Highlighted below are a few of our current research initiatives.
USC Hybrid High School Project:
USC Hybrid High School, founded by USC Rossier in 2012, is overseen by the Ednovate charter management organization. The Ednovate model emphasizes personalized learning in combination with modern technology and a college-going culture. The study seeks to understand how personalized learning models may help high school students succeed and persist in college. The researchers will use surveys, focus groups and a case study to understand participants’ college-going behavior, the quality of their college experiences and why they are or are not able to persist to graduation.
Muslim College Student Project:
We will conduct a survey of more than 100 Muslim college students from California, in order to collect perspectives and experiences they have had in higher education. “The project is about humanizing Muslim students by giving them the opportunity to tell their own stories as Muslims, as immigrants who are trying to obtain an education and work toward a prosperous life despite many obstacles and struggles that they’ve faced,” – Co-Director Shafiqa Ahmadi.
IDEALS Research Award:
Muslim Student Experiences with Campus Insensitivity and Negative Interworldview Engagement: Variation by Race, Citizenship, and Campus Environments
Designed in partnership with Matthew Mayhew (The Ohio State University), Alyssa Rockenbach (North Carolina State University), and Interfaith Youth Core (IFYC), the Interfaith Diversity Experiences & Attitudes Longitudinal Survey (IDEALS) focuses on students’ perceptions of and engagement with worldview diversity and how collegiate experiences shape students’ pluralism orientations and attitudes toward others. The awards are made possible thanks to the generous support of The Andrew W. Mellon Foundation.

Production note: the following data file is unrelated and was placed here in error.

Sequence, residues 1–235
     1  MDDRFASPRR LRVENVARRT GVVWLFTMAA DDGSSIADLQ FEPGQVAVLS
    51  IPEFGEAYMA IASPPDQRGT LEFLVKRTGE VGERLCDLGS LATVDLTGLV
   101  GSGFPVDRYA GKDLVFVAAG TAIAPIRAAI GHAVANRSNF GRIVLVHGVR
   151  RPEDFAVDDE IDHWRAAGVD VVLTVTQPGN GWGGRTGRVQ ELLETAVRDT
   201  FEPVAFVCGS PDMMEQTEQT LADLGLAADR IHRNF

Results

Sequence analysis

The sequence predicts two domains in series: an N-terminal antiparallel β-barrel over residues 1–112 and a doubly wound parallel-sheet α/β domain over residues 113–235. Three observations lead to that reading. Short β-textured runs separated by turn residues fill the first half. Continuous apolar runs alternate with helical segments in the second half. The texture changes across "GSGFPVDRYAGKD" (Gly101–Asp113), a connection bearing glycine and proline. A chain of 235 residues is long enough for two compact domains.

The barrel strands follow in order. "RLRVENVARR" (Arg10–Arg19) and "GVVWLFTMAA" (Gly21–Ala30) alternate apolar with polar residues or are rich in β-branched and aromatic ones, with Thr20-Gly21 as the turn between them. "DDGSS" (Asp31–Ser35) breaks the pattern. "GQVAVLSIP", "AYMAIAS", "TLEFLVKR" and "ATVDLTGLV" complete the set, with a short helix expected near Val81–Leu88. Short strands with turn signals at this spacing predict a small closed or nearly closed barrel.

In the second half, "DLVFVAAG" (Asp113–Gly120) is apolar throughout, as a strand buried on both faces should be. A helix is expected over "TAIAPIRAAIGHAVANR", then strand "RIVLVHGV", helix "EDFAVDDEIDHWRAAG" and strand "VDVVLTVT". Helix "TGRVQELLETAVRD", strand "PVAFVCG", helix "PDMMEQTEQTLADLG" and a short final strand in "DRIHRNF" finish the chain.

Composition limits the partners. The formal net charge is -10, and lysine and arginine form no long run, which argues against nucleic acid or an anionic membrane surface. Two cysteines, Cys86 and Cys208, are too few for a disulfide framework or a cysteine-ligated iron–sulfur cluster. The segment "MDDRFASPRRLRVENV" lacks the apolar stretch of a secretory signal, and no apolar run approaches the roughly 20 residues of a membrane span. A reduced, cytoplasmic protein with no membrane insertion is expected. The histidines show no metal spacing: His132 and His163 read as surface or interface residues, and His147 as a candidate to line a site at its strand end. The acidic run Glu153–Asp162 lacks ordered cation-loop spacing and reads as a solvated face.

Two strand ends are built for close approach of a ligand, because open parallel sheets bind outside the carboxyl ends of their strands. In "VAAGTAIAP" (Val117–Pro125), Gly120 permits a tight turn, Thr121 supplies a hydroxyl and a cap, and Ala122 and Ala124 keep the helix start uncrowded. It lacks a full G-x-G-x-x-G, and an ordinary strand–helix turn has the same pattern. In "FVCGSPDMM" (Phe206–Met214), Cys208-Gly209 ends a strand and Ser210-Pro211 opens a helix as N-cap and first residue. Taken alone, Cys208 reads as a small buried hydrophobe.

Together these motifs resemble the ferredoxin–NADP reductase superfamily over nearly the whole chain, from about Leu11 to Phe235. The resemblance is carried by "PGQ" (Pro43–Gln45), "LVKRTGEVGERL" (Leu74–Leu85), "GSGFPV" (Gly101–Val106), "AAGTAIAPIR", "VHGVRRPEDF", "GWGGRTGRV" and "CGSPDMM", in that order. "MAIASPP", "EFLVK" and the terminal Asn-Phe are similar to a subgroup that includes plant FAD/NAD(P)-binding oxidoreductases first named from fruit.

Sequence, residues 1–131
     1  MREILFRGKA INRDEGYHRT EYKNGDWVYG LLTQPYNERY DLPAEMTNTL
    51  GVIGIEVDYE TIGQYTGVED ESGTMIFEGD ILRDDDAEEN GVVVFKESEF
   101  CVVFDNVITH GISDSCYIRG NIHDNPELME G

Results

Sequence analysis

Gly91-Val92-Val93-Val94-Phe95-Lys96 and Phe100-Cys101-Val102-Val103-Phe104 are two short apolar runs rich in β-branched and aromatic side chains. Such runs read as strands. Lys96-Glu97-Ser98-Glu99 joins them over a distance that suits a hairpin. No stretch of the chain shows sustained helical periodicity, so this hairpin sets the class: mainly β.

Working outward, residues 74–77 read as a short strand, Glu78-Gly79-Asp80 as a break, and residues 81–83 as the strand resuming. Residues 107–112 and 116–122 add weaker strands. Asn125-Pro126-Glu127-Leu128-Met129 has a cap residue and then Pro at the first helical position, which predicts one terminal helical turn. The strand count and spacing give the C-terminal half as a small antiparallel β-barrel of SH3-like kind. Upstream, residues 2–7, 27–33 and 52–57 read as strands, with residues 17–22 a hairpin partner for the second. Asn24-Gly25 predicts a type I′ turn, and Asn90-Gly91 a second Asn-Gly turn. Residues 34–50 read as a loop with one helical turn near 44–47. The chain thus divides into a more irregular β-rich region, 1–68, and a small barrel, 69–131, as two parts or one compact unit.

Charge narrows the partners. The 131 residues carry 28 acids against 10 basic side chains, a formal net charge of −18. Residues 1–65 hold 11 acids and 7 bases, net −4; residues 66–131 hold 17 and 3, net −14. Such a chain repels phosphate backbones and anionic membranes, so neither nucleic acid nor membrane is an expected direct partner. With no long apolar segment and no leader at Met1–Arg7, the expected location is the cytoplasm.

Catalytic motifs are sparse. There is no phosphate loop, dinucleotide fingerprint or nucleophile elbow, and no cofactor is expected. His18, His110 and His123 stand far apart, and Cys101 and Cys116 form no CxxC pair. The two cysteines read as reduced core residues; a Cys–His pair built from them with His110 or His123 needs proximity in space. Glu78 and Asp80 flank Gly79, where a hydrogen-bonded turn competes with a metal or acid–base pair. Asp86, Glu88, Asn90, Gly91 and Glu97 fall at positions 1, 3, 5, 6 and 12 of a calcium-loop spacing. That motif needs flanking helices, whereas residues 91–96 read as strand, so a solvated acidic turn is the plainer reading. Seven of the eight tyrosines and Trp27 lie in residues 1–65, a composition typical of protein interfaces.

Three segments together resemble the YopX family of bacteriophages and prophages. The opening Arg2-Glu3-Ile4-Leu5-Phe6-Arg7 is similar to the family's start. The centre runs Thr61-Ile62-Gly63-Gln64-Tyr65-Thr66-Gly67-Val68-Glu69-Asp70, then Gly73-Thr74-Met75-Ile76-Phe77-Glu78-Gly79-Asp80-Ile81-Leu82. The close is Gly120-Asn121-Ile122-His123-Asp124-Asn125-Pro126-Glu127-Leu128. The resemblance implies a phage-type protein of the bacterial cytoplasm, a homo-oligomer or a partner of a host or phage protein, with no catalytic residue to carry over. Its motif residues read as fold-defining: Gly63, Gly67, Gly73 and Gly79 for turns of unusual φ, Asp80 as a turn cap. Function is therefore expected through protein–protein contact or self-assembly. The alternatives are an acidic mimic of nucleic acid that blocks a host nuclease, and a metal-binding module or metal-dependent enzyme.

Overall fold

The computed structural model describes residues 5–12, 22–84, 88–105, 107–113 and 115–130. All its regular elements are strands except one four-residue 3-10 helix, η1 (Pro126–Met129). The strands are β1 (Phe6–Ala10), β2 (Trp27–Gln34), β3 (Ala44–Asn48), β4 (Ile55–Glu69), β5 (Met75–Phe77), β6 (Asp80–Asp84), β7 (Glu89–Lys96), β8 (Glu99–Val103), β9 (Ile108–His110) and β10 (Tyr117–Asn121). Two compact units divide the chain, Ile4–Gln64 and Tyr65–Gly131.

The proposed study will add a fifth dimension to religious and spiritual campus climate: the organizational/structural feature (Milem, Chang, & antonio, 2004). Based on studies linking diversity with the reduction of racial bias (Chang, 2001, 2002), Milem, Chang, and antonio (2004) suggest that “institutional conditions that promote diversity may by themselves improve race relations, irrespective of a student’s level of interest in and engagement with diversity” (p. 12). Similarly, we seek to understand how institutional context fosters or inhibits an inclusive environment for religious minorities, specifically Muslim students. While previous research has captured student attitudes and engagement with diversity opportunities and interactions across difference, we are interested in how campus climate may mitigate or reduce negative, hostile interactions. This study intends to delineate how features of religious and spiritual campus climate affect the prevalence of religious hostility at the institutional-level as well as examine differences among students by religion, race/ethnicity, and nationality.